Commentary

Draft priorities for AFC teams

From QB to DB, we examine the needs of each AFC club at the midway point

Originally Published: November 5, 2013
By ESPN.com NFL Nation

Marcus Mariota AP Photo/Don RyanThe Browns and Jaguars should be thinking about drafting a QB, perhaps Oregon's Marcus Mariota.

It's never too early to talk about the draft.

Some teams have obvious positions of need, such as struggling Houston and Pittsburgh and winless Jacksonville. But even the undefeated Chiefs and high-flying Broncos have areas of vulnerability and salary-cap ramifications to consider.

With half of the 2013 season as a sample size, we tap each of ESPN's 32 team reporters, and draft gurus Mel Kiper Jr. and Todd McShay, to assess the greatest need for each franchise and possible draft remedies.




More coverage:

Hot Read: Ten bold predictions | Team-by-team draft needs: NFC

ESPN.com 2014 draft home page

McShay: Top 32 Insider | Draft Tracker Insider | Kiper: Big Board Insider | Draft blog Insider




Baltimore Ravens

Biggest area of need: Tight end

Tight end, once a position of strength for Baltimore, has quickly turned into a big need. Dennis Pitta is recovering from hip surgery and is in the final year of his deal, and none of the backups are signed beyond the 2013 season. While it's believed the Ravens will make a strong push to keep him, there's no guarantee Pitta will be re-signed or will be the same player when he comes back from the injury. Dallas Clark was a stopgap addition and turns 35 next year, and Ed Dickson has been a major disappointment with his dropped passes. Defensively, the Ravens have to make the defensive line a priority. Arthur Jones has had a breakout season and likely will command a contract that the cap-strapped Ravens can't match.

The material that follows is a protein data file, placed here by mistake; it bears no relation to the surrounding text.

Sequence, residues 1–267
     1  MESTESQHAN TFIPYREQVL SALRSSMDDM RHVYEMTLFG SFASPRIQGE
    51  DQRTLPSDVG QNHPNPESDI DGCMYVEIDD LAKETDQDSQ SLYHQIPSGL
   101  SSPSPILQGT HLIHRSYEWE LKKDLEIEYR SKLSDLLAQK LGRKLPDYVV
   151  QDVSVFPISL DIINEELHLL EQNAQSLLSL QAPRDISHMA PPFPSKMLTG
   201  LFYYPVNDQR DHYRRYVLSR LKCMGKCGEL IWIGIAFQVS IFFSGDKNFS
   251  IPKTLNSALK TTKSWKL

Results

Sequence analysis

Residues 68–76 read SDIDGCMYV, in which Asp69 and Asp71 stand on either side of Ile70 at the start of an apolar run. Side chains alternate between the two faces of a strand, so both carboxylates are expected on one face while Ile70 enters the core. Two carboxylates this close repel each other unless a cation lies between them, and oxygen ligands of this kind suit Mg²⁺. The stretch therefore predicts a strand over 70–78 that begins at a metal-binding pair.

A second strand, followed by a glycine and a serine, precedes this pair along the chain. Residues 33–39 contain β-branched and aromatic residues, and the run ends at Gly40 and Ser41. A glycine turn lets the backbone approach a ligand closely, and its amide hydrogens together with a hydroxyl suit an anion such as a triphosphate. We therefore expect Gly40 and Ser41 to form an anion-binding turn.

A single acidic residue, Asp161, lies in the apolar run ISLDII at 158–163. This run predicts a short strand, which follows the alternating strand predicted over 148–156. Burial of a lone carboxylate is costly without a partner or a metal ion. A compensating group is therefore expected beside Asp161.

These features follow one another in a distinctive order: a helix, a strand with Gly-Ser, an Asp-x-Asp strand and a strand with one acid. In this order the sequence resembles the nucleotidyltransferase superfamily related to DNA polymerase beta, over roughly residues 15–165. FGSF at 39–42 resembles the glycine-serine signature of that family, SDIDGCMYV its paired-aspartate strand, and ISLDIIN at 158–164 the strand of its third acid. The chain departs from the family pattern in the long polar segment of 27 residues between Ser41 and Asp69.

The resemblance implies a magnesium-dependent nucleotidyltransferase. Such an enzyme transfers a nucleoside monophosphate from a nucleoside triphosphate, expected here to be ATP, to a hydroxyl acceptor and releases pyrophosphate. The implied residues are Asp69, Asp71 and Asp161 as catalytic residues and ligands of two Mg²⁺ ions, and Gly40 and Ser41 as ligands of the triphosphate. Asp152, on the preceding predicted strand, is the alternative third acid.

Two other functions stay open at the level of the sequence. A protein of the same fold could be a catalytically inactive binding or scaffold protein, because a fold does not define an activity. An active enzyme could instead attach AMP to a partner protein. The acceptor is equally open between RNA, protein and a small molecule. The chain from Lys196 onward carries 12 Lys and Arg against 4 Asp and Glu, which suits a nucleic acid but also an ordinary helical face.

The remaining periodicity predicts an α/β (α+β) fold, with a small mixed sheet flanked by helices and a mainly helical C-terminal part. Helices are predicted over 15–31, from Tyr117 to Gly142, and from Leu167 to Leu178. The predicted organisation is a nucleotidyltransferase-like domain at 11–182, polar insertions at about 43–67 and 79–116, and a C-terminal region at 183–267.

-- Jamison Hensley


Top prospects:
Eric Ebron, North Carolina  |  Austin Seferian-Jenkins, Washington
Jace Amaro, Texas Tech

Scouts evaluations: Ebron Insider |  Seferian-Jenkins Insider |  Amaro Insider

Draft analysis: Tight end is indeed a need, and the Ravens could at least be in the mix for the top tight end in the draft. Right now that's Ebron. He's a tall, athletic type who can make catches away from his body like a wide receiver and cause constant matchup problems. Another player I'd put into first-round consideration is Amaro of Texas Tech. Either could impact this offense immediately. On the defensive line, Florida State's Timmy Jernigan could be a player general manager Ozzie Newsome would like, an active, versatile interior presence who can move around.

-- Mel Kiper Jr.






Buffalo Bills

Biggest area of need: Safety

At the moment, this isn't a major need for the Bills. They have one of the NFL's better safeties in Jairus Byrd, along with a former second-round pick in Aaron Williams, who has adapted well to his position change from cornerback. But Byrd's status remains up in the air for next season. The best bet is that he'll play elsewhere in 2014, which would create a big hole in the back end of the defense. Jim Leonhard was a stopgap solution this season when Byrd was sidelined, but the Bills need to do better going forward.